Removing access fees from gyms and leisure centres with a strong marketing campaign and five extra community health trainers gave 26,400 more physical activity “swim and gym” visits per quarter in a borough of 150,000 people.
Re:fresh, a subsidised access scheme implemented in a socially disadvantaged local authority in England, Blackburn and Darwen, also found increases in monthly gym and swim activity from 3 to 15%, and overall levels of participation were more pronounced in disadvantaged socioeconomic groups.
This scheme cost the NHS about £1 million per year in addition to the £3 million funded by the local authority. Whether subsidised access schemes can achieve the same improvements without the support of outreach teams used here remains to be seen.
Why was this study needed?
In the UK, there are large differences in levels of physical activity across social groups; this can lead to inequalities in health outcomes such as rates of heart attack. Physical inactivity is estimated to cost the NHS £455 million a year. A socioeconomic and geographic gradient in physical activity exists with people living in the least prosperous areas twice as likely to be physically inactive as those living in more prosperous areas. The South East of England has the highest proportion of men and women meeting the recommended levels of physical activity. The North West of England has the lowest.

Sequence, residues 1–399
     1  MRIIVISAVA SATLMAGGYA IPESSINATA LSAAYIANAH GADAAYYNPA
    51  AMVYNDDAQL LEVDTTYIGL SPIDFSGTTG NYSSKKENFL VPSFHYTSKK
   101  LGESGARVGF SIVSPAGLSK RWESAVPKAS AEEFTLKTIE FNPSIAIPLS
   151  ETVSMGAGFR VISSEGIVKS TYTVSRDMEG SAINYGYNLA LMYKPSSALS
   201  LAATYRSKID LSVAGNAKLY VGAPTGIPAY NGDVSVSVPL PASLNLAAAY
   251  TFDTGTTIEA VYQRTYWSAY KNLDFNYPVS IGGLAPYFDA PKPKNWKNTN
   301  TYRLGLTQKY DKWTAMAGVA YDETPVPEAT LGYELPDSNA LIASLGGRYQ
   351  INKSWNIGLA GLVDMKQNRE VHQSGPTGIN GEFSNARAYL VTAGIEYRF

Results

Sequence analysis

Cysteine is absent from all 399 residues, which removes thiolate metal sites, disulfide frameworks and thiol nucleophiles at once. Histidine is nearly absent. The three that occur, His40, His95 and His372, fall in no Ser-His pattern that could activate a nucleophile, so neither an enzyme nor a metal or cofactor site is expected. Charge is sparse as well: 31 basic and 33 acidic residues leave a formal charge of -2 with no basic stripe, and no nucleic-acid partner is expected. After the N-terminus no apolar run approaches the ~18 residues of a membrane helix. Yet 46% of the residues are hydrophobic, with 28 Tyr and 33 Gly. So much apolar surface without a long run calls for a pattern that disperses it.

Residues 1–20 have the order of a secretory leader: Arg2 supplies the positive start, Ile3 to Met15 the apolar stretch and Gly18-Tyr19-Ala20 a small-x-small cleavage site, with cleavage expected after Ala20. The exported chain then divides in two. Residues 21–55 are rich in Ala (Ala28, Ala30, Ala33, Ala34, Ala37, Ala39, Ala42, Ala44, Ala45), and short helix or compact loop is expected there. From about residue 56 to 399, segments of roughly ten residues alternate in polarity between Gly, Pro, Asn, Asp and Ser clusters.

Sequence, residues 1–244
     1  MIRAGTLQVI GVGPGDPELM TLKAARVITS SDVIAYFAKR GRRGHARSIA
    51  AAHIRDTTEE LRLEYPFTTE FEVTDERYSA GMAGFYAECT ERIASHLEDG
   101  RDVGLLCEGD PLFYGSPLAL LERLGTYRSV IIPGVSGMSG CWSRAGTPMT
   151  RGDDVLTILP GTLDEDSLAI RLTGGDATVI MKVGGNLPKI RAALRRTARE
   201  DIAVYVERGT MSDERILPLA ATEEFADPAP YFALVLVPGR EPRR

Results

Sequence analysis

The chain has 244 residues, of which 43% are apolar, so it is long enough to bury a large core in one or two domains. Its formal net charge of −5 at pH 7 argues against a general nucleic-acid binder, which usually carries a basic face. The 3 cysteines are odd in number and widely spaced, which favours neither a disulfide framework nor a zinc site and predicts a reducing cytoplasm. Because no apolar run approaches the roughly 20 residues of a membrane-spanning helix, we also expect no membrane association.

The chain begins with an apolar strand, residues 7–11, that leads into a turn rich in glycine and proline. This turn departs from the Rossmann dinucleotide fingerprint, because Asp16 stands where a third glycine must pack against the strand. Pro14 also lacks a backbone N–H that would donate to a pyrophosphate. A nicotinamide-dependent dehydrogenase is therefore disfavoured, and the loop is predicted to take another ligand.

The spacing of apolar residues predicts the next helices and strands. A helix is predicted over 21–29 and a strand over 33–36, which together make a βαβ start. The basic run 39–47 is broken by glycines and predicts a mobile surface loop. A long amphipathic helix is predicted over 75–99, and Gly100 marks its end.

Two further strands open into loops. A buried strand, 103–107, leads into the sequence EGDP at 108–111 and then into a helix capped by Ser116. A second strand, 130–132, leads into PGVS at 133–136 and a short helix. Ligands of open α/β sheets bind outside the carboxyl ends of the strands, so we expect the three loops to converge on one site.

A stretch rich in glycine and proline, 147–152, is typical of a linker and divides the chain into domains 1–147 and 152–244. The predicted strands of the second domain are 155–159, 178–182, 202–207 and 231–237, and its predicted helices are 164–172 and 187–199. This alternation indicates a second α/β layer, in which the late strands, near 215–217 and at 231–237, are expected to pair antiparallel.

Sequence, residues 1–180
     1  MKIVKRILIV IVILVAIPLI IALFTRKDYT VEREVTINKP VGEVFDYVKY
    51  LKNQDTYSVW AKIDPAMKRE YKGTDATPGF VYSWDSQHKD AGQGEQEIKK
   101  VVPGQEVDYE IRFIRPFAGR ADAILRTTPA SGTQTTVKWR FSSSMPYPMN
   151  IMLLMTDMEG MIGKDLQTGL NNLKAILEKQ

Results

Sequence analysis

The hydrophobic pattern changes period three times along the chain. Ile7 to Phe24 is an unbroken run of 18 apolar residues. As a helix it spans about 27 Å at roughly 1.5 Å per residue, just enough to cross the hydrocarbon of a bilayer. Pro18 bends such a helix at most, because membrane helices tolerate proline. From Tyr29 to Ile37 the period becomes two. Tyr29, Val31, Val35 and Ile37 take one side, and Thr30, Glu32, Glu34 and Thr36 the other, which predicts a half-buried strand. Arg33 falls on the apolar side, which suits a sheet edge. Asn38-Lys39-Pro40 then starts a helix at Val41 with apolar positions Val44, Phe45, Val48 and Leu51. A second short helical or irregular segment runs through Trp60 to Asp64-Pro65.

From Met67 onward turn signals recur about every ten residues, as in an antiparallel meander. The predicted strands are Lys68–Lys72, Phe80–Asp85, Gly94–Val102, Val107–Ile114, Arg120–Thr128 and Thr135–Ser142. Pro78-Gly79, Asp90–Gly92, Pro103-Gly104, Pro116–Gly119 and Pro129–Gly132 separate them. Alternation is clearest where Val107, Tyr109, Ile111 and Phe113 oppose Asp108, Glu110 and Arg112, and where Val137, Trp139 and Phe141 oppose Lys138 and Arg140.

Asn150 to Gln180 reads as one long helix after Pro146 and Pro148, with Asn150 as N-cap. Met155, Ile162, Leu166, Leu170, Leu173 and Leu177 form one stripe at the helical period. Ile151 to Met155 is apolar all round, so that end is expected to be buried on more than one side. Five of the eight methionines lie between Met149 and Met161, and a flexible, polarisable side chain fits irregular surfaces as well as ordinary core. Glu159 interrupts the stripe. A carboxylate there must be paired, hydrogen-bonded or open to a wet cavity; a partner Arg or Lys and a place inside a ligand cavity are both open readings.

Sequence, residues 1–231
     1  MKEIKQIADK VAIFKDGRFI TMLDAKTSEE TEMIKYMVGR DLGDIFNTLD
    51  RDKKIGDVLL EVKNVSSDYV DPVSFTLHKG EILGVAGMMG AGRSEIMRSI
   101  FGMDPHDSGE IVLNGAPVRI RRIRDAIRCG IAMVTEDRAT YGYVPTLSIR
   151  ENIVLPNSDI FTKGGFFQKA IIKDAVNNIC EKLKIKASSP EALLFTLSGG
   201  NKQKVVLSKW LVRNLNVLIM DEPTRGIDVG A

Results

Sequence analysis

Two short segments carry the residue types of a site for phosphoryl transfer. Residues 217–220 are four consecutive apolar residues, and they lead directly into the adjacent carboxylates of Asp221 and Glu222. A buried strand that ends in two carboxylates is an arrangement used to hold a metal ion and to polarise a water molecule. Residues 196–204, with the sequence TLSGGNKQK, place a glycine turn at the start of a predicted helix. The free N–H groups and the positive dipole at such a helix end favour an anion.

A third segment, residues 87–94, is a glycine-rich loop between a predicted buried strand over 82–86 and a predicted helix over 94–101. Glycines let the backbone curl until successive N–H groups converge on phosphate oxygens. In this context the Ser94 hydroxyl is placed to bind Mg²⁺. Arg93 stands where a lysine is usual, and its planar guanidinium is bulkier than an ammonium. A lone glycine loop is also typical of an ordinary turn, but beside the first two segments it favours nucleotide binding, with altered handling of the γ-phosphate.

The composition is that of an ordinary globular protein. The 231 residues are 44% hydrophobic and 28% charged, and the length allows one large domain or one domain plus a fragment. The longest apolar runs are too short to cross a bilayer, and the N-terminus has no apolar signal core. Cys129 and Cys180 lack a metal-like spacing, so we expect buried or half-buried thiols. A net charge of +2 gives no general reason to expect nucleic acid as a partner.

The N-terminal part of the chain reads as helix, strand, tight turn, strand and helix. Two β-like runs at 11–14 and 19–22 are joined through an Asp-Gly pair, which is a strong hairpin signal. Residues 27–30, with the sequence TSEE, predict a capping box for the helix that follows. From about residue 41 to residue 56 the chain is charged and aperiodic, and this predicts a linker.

Removing user charges from gyms and leisure centres has been suggested as a way to increase physical activity and promote public health, but like other reasonable ideas might increase inequalities if taken up more by better-off people.
These researchers looked at one such physical activity scheme, re:fresh, introduced in a deprived local authority in the Northwest of England in 2008, could increase overall levels of physical activity and whether any increase in activity levels vary by socioeconomic group.
What did this study do?
The study used local gym and pool attendance data before and after the re:fresh scheme, covering the nine leisure facilities in Blackburn with Darwen (population 147,489) and separate survey data with a sample of 6,160 local people providing data on physical activity.
Five health trainers were employed for one to one and group sessions. They supported behaviour change through goal setting and motivational interviewing. Two community workers also supported a network of volunteers who ran community events to engage people in taster sessions and increase the awareness of the programme and to act as buddies to accompany people to their first activity sessions.
Outcomes included attendance at swimming and gym sessions, self-reported participation in gym and swim activity and any physical activity. The total quarterly number of gym and swim attendance from 2005 to 2014 were calculated, and national sports activity data from the Active People Survey, was used to gather data for the area and compare it to the rest of England (1,556,563 people). Relative change in gym attendances was analysed before and after the re:fresh intervention compared to the rest of England.